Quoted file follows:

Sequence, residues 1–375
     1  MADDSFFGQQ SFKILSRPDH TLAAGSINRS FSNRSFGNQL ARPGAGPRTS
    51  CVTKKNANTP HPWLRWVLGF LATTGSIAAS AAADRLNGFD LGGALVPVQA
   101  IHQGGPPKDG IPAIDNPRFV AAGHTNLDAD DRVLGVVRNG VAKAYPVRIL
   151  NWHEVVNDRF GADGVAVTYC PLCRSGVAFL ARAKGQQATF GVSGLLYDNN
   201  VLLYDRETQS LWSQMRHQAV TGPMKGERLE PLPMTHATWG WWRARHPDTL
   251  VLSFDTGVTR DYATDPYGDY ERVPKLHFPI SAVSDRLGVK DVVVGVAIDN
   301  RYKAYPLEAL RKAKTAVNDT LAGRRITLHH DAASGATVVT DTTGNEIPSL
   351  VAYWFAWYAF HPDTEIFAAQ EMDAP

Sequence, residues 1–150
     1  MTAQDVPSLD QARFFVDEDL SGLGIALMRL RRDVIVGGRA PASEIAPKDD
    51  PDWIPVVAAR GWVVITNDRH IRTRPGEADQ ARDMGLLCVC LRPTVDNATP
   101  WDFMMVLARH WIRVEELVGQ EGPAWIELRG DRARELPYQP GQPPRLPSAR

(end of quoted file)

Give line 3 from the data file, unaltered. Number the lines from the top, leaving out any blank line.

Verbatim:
    51  CVTKKNANTP HPWLRWVLGF LATTGSIAAS AAADRLNGFD LGGALVPVQA